"Do you want to talk about it?" –Carlisle asked softly, after a while.
I stirred. "Do you?"
I felt his chin move as he smiled. "I don't mind."
"Neither do I."
"Well, then. I'm sure you have lots of questions."
I thought for a moment.
"What happened next? After you were bitten?"
"I hid in the nearest cellar I could find for three days."
"And no one heard you?"
"I stuffed my mouth with raw potatoes to keep silent. I had to keep putting in new ones since they kept getting shredded by my teeth."
I gasped with shock and looked up at him. "You didn't make a sound?"
His smile turned grim. "Not one. At one point, when I realised what was happening to me, I tried choking myself with the potatoes. Ended up spitting them all out."
I reached up and stroked his face gently. "How much you have suffered."
His expression softened again. "Not more than any other vampire at the time of their transformation. Not any more than you."
"I was not obliged to remain silent through the entire ordeal," I retorted immediately. "You are a strong man, my darling."
I looked up at him, and noted, with approval, that he looked confused.
"Carlisle, you're blushing!" –I laughed.
He frowned slightly. "Of course not. You know it is anatomically impossible for me to do that."
"Call it what you will, darling, but you are blushing, indeed! To think I can still make you blush!" The very thought was highly amusing. My laughter, instead of riling him up more, seemed to gratify him. "The only woman capable of doing that to me." –he murmured, kissing my forehead softly.
That reminded me.
"And what of her? The succubus. Did you see her again?" –I asked curiously. To my surprise, he still had that furtive look about him that I had just labelled as 'blushing'.
"I met her several times in the years after that."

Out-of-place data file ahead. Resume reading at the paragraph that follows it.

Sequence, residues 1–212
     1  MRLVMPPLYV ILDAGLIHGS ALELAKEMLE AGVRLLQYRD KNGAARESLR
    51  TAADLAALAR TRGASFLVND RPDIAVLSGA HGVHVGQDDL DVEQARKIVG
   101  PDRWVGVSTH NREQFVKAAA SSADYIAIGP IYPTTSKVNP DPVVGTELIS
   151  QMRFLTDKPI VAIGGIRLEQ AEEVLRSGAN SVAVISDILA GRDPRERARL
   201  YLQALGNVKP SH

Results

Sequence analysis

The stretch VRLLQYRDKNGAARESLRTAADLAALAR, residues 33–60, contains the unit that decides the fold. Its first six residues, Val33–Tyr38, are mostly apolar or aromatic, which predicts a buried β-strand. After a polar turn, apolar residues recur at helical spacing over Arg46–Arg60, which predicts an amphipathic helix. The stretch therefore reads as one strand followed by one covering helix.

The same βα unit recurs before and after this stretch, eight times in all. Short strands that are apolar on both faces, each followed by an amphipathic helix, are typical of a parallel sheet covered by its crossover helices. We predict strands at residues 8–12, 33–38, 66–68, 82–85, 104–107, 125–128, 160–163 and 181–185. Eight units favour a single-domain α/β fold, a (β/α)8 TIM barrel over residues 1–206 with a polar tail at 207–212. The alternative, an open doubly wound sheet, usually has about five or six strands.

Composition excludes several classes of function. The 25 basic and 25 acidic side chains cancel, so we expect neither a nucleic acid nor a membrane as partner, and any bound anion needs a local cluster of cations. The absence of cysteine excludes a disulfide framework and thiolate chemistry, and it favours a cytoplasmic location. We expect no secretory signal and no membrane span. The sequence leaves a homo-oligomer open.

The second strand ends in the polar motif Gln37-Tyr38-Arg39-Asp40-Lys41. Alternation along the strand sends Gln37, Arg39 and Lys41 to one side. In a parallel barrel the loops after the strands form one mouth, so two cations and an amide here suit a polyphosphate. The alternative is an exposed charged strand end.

"Oh! What was her name?"
"When I met her as a human, she went by Margery. When I later knew her, she was going by the name of Margarita. She told me her name at birth was Merwyn."
His face was blank, but his eyes were shrewd and sparkling with mischief. So, I decided to play his game.
"She told you, did she?"
"Yes, we found ourselves rather… amicably suited when we met as equals." Alright, now he was teasing me!
As if I'd let him.
"Equals," I drawled. "Right. How perfectly lovely."
"I meant as vampires," Carlisle added.
"Of course. Was she still a succubus when you met her?"
My tone seemed to unsettle him. "Er, yes. That is, she still –er, cavorted with men –um, human men."
"I know what succubi are, Carlisle."
"Right." Silence descended upon us, while I gazed at Carlisle steadily. If he were human, he would have squirmed!
As I had expected, he broke the silence, his words rushed. "I haven't seen her in more than two centuries, Esme."
"Oh." –I said in a mildly curious tone.
"And I only remembered she even existed when I wrote that down for you," he continued, his words still rushed, his eyes pleading. "You know you are the only woman I have ever loved," he finished softly.
I regarded him imperiously for a moment before giving in. Curse his appealing looks!
"I know," I whispered, and smiling, kissed him gently.
"You scared me for a moment there. I thought you disapproved." –he admitted as we parted.
"That was my intention, dearest. To scare you. I couldn't have you tease me so easily!"
Carlisle only smiled, but said, quite seriously, "You bring me such joy, Esme."
"You make it sound like it's a bad thing!" –I half-laughed.
Carlisle shook his head. "I never thought I would ever be this content. Not once in my three centuries of existence. Not even when I was human."